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Download Heidi epub

by johanna spyri

Download Heidi epub
ISBN: 0307122115
ISBN13: 978-0307122117
Category: Literature
Subcategory: Classics
Author: johanna spyri
Publisher: Golden Books; Reprint edition (August 1986)
ePUB size: 1552 kb
FB2 size: 1377 kb
Rating: 4.1
Votes: 493
Other Formats: mbr lit doc docx

Beware, the beauty of literature is not in this edition! THIS REVIEW IS FOR THE PUFFIN IN BLOOM EDITION ONLY. Heidi is such an awesome story, the translation by Helen Dole reads so beautifully and engages the reader to follow closely along, to interact and enter into the adventure. This book has short sentences, as if to hand feed the reader so that they don't need to pay attention or engage. In other words- it's a dumbed-down translation!! Please don't deprive young readers of good literature! There is a place for simplified versions of books BUT that should be clear when purchasing that it isn't the original version and writing has been altered. This book changes the names of characters too. It is a travesty!! So, if all you want is a "pretty" cover - fine, but even the inside illustrations aren't good - it saddened me and I sent it back. Thank you, Amazon for ease of returns. Please be aware that Amazon sells different editions translated differently. Perhaps you'll find a new edition that is better than this one. I'm very happy with the used copy I found on Amazon with a copy write date of 1945. The illustrations are wonderful and the language is beautiful, and the names are not Americanized. The Puffin in Bloom edition has a character named Barbie.
I got as far as the title page in this book where it listed the author (Johanna Spyri) and the translator, Elisabeth P. Stork. Heidi was originally translated into English by Charles Tritten (who later wrote 2 sequels - "Heidi Grows Up" and "Heidi's Children"). This is NOT the version of Heidi that I grew up with and NOT what I wanted. It is going back immediately and I've already ordered another copy, this time with the translation done by Tritten. A search on Amazon for "Heidi translated by Charles Tritten" turns up a listing for the book with the original translation.
This review pertains to the Puffin in Bloom edition of Heidi, rather than to the literary merit of the book or translation (by Eileen Hall).

The cover illustration is done by Anna Bond who may be better known for her lovely stationery collection, Rifle Paper Co. The cover is a vibrant yellow-green with the title in gold embossing over a floral-framed mountain scene. The back cover features a pull-out quote – "Heidi looked around with growing delight at the mountain peaks she knew so well and which seemed to greet her like old friends."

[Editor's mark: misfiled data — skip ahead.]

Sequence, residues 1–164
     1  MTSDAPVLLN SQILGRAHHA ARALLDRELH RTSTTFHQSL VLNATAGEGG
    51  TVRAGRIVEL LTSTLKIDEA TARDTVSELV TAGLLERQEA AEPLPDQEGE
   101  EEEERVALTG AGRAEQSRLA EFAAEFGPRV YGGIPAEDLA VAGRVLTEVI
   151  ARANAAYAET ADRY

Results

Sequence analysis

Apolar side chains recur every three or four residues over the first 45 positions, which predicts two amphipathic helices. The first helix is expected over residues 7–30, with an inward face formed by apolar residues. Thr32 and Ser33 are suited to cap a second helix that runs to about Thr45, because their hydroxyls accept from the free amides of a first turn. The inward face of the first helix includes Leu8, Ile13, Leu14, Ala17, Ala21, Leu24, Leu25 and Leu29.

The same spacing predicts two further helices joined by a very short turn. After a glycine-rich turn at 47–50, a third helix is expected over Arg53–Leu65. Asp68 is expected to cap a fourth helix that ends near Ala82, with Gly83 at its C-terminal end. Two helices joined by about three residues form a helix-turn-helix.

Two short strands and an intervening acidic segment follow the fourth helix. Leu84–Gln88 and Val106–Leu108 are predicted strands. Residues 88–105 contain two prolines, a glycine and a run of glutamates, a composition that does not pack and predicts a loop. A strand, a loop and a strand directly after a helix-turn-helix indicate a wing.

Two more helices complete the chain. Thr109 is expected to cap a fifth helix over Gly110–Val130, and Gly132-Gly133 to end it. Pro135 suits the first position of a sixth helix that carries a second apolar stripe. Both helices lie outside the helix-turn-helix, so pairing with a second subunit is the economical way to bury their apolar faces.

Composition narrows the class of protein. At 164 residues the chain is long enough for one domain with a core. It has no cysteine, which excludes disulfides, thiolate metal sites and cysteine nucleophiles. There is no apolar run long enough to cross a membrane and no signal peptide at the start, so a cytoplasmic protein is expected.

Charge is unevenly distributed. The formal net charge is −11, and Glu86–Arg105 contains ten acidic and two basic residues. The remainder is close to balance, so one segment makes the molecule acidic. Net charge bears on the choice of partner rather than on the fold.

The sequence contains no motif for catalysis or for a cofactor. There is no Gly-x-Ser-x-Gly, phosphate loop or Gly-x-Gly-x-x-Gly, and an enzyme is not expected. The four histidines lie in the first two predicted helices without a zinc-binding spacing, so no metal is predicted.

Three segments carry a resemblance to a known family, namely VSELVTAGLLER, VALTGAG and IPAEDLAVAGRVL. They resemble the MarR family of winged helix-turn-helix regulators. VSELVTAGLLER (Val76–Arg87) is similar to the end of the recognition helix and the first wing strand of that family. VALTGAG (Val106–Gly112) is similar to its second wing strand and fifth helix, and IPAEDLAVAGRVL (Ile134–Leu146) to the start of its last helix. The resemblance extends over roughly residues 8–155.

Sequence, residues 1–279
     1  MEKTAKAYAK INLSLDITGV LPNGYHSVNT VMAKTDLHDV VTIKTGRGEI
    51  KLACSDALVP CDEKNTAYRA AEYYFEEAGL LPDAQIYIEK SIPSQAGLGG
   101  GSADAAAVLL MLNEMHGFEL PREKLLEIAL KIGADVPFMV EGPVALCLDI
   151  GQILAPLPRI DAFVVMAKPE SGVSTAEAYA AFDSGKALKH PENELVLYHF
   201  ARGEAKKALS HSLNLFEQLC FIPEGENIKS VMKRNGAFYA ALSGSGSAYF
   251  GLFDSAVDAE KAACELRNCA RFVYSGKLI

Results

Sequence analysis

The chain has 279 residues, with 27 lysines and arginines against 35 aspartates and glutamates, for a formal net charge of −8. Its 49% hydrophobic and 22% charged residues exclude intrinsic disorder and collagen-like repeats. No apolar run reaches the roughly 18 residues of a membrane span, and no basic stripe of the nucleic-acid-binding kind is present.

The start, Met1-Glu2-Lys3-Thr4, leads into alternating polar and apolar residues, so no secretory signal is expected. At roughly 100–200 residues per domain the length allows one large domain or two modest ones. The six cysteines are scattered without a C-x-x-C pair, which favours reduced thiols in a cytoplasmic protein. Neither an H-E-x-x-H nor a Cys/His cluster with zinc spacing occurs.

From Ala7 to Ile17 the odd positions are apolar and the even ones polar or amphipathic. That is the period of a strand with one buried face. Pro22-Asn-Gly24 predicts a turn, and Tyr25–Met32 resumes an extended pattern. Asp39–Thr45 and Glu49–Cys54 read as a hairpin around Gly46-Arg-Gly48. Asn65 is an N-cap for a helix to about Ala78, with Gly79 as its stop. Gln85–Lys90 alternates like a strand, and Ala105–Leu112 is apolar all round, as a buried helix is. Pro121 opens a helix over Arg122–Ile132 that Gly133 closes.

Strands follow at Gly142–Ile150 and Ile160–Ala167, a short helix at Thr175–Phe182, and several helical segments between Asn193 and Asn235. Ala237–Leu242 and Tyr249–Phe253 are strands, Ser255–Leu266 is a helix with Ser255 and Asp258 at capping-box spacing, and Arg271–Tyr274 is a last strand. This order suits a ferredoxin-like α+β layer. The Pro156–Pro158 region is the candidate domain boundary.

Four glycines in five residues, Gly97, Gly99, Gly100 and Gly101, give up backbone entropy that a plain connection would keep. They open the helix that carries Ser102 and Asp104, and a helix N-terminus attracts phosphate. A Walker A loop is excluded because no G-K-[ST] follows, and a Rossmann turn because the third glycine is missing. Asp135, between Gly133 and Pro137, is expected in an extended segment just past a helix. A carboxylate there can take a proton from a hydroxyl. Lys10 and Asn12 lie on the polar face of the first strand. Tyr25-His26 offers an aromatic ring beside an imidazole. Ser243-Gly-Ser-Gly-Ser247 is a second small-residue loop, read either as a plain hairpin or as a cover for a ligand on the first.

The interior illustrations, taken from the 1956 edition of Heidi also published by Puffin, are charmingly vintage. There appears to be one illustration per chapter. The book is typeset in Minion and just the right size to be accessible to both children and adults.

This edition also includes end notes with a profile of Johanna Spyri, information about Switzerland, and brief character and reading guides.

This would make a special addition to any growing library.
It's unfortunate that the reviews of all the different adaptations, abridgements, and translations of Heidi are grouped together because they seem to be very, very different books. My review is for the Great Illustrated Classics edition adapted by Deidre S. Laiken. It features a full page pen and ink drawing on every other page and a beautiful cover with Heidi in an upland meadow surrounded by flowers and goats and snowy peaks in the background. It's a bit surprising that Heidi has long blond hair on the cover and short dark hair inside.

I never read Heidi as a child because the young girl's homesickness after being removed from the place she loved was a subject I found too painful to read about, and I had never come back to it as an adult. But this shortened version with the spectacular cover got my attention. In most abridged books, the descriptions and the atmosphere are the first to go, and that's true here. You don't have the sense of being in the alpine meadows, which I judge from other reviews is one of the strong points of the original book. Heidi's longing to be back in the mountains with her grandfather is mentioned--we know she cried herself to sleep every night--but the author doesn't dwell on it. Even though it's an important part of the story, I have to say I'm glad she didn't. Other reviewers have indicated that religion plays an important part in the original text, but it doesn't here. People go to church and the pastor is a minor character, but religious themes are absent, and that would seem to be a loss. The book is short--236 pages, half of which are pictures--and the story is told simply for young readers. Those who want more can always go back to a longer version, as I may do at some point. But this is at least a good introduction. As an older adult, I found it enjoyable and I'm glad I read it.